The Government of British Columbia has joined its counterpart in Ontario in questioning the federal government’s proposed crackdown on “birth tourism” , whereby female foreign nationals enter Canada in order to give birth on Canadian soil in order for their offspring to automatically attain Canadian citizenship.

A 2013 report, obtained under an access to information request and marked “secret”, revealed that the federal government has been considering revising this provision for some time. The report found fewer than 500 cases per year, out of 360,000, that could be considered so-called “anchor babies”. The proposed changes to Canada’s jus soli birthright provision has been met with scepticism by immigration experts, as well as the governments of British Columbia and Ontario.

British Columbia Jobs Minister Shirley Bond told The Vancouver Sun in an email that her office has written to the federal government seeking greater “clarity” about the proposal. The letter expressed “concern about any financial and administrative costs that may result from this policy shift,” according to Bond, who added that she expects Ottawa to provide “adequate notice” of any changes.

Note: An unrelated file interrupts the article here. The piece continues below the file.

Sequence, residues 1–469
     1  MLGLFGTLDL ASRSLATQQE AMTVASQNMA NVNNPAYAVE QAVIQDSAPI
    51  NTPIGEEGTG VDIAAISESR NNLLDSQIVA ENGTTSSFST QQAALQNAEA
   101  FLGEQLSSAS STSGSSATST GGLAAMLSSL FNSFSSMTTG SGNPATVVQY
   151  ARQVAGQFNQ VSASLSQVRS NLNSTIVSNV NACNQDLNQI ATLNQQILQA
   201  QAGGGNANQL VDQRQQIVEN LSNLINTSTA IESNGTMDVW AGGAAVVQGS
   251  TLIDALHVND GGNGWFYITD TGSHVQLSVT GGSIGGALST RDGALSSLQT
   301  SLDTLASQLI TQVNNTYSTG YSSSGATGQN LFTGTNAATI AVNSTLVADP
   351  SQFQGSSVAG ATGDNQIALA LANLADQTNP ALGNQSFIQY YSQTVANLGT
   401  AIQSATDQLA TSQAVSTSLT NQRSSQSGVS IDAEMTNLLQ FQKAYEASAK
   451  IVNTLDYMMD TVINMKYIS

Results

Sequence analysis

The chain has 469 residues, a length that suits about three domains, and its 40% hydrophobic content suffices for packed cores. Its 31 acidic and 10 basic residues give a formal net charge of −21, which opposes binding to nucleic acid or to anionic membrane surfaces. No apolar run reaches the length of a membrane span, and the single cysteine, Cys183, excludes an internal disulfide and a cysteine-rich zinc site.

Any adjustment to the provision would force each province to modify the existing birth certificate regime to account for the country of citizenship, as births are registered by the provinces. Ontario and British Columbia together represent more than half of the population of Canada.